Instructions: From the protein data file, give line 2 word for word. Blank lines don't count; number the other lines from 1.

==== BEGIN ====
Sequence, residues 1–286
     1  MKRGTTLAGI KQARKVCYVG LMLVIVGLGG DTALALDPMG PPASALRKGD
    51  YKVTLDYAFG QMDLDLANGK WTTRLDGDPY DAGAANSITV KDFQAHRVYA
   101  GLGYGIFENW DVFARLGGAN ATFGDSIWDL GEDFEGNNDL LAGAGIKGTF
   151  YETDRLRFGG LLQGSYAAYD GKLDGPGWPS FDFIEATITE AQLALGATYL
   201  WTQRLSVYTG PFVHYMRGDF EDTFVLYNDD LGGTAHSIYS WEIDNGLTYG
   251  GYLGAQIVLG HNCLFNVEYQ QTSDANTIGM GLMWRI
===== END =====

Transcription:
     1  MKRGTTLAGI KQARKVCYVG LMLVIVGLGG DTALALDPMG PPASALRKGD